The Power Development Corporation (PDC) could plan developing power projects totaling 2700 MW if only the power development department would pay it the outstanding power bill of Rs 8500 crore.
This is not for first time that PDC had to wait to get its dues from the power department against the sale of power.
The state purchases electricity from more than a dozen sources, including the NHPC and other central powers suppliers besides state’s own PDC.
An official said the PDD promptly clears bills of central suppliers because they can snap electricity.
“But the PDC is always made to beg and suffer for its own money,” the official said. With Rs 8500 crore, another PDC official said, the corporation can plan projects up to 2700 MW costing Rs 27,000 crore.
The source said there are financial institutions like Power Finance Corporation (PFC) and Rural Electrical Corporation (REC) which have time and again shown willingness to fund execution of the projects in the form of loans up to 70 per cent of the project’s cost.
“We can pump these receivables from PDD in form of equity for execution of projects worth 2700 MW,” the official said.
In 2016, REC had agreed to fund 70 percent of total cost of 1856-MW Sawlakote project in the form of loan. It had also offered financial assistance for executing three more projects, 93-MW Ganderbal, 390-MW Kirthai-I and 930-MW Kirthai-II, reveals an official communication.
While construction cost of these four projects would require an investment of around Rs 33,000 crore, the debt component will be around Rs 22,000 crore on 70:30 debt-equity ratio.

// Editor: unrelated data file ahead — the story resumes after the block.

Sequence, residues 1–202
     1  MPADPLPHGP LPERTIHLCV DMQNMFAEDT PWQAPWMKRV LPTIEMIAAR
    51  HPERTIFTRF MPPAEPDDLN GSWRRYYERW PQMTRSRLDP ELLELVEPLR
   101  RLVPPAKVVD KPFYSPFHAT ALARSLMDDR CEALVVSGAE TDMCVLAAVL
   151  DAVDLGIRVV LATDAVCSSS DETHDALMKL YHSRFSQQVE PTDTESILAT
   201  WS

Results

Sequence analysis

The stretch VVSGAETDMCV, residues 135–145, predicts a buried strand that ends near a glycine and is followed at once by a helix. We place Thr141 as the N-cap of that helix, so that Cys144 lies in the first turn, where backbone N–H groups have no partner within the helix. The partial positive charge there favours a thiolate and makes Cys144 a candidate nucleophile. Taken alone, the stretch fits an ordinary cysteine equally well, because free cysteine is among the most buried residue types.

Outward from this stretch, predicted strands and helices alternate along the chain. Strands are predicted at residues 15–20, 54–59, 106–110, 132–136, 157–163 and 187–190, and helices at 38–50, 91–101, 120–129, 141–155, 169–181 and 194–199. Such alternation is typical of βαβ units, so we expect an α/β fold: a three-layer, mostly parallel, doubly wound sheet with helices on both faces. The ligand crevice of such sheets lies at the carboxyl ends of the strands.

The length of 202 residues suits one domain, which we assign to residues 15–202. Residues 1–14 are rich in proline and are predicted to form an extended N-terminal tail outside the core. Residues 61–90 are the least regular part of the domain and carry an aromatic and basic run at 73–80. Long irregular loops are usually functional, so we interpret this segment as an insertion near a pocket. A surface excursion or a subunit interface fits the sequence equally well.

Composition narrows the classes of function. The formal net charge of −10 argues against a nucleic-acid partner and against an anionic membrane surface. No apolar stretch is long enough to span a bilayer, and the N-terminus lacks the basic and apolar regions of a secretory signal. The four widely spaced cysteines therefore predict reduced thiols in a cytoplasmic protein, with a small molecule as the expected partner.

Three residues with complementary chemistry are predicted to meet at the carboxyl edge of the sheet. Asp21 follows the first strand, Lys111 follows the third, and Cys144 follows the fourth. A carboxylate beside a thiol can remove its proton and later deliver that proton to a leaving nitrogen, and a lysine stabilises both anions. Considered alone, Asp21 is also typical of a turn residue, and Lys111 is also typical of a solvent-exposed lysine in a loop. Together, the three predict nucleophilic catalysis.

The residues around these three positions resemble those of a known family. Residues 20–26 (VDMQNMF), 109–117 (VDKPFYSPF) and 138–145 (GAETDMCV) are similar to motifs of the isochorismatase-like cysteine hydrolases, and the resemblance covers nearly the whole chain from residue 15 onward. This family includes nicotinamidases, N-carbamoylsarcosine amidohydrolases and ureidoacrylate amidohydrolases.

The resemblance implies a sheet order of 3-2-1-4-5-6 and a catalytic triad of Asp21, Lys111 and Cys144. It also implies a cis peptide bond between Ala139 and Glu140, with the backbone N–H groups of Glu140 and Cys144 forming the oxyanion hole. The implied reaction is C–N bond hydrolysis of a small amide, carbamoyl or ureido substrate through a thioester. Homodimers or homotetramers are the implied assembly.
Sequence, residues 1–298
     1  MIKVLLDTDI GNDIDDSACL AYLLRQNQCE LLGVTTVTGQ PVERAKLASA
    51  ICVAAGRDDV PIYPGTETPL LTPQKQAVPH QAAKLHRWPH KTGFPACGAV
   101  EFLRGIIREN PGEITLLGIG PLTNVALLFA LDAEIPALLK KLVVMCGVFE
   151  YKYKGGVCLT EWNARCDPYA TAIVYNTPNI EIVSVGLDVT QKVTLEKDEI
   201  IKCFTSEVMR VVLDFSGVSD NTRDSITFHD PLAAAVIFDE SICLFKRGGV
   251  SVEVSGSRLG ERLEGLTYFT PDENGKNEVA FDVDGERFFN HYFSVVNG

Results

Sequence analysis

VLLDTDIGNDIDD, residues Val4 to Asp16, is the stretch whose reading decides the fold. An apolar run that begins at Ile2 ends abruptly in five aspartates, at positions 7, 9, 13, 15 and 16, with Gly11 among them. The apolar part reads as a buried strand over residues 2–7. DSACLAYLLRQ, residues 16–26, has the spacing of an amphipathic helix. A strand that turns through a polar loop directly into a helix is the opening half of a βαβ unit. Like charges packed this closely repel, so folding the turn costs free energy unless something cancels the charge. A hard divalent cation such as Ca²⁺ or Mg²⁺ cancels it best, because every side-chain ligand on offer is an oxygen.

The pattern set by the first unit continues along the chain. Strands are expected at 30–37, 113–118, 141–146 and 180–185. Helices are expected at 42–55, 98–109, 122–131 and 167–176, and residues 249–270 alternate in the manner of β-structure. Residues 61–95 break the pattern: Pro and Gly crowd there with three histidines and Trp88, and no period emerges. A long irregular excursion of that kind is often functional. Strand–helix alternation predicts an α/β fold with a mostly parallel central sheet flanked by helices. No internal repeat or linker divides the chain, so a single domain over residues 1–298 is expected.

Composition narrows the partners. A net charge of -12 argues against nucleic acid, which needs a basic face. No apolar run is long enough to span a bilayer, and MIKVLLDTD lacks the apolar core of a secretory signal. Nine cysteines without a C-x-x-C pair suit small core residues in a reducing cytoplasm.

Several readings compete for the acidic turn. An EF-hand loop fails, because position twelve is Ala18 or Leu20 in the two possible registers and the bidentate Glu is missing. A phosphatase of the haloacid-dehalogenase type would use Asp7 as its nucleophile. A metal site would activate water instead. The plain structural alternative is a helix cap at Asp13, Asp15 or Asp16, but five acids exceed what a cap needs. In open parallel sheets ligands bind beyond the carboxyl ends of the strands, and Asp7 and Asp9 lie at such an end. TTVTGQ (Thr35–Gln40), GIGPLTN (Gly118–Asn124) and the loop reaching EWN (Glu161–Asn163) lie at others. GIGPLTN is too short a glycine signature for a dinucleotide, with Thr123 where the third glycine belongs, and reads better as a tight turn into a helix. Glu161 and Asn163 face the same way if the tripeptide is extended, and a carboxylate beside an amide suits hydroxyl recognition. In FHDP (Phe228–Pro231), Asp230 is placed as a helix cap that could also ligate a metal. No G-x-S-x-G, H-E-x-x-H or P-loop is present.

Prior to it, the PFC had agreed in principle to provide loan assistance of Rs 12810 crore (70 percent cost of total project) to the PDC for developing Sawlakote.
“Both the offers didn’t materialise as the government didn’t respond to communication, Also, the equity was the problem,” said the source.
Another official said the outstanding of around Rs 8500 crore with the PDD has grown since 2011-12.
“The outstanding amount from March this year has been around Rs 200 crore to Rs 300 crore,” the official said.
Also, he said, the department never paid the 2 per cent monthly interest on the principal amount it was supposed to pay in case of delayed payments.
“Since the chief minister, power minister and bureaucrats form part of the PDC’s board of governors, the issue of interest is always shelved, but we charge interests to outside companies in case there is delay in payments,” said the official.
The PDC sells energy worth Rs 500 crore to Rs 550 crore through Power Trading Corporation annually.
“At times when we press for payment of surcharge interests we are reminded of plan funds the PDC are given by the government,” said the official.
The successive regimes have repeatedly made claims for developing hydropower projects totaling 5000 MW in the state sector. But these assurances have remained limited to papers only.
At present, J&K has 22 power projects owned by the PDC with capacity of 1211 MW. It imports more than 1500 MW from northern grid to meet energy requirements in the state. The long delay in execution of the projects, some of them conceived prior in the 80s, has doubled their cost.